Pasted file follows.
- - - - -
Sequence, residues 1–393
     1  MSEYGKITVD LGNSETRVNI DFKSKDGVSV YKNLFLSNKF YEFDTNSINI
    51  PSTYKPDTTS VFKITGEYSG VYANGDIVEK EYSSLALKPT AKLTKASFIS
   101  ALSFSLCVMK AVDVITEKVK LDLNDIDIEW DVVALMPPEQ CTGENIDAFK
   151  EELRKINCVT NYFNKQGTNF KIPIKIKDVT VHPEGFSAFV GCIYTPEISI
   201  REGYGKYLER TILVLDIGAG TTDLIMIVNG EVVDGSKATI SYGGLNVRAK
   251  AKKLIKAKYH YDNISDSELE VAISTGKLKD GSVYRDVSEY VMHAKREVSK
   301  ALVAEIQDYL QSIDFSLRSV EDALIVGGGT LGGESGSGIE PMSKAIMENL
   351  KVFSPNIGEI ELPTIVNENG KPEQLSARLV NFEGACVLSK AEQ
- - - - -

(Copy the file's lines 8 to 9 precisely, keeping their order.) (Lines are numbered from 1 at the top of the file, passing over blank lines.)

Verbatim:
   301  ALVAEIQDYL QSIDFSLRSV EDALIVGGGT LGGESGSGIE PMSKAIMENL
   351  KVFSPNIGEI ELPTIVNENG KPEQLSARLV NFEGACVLSK AEQ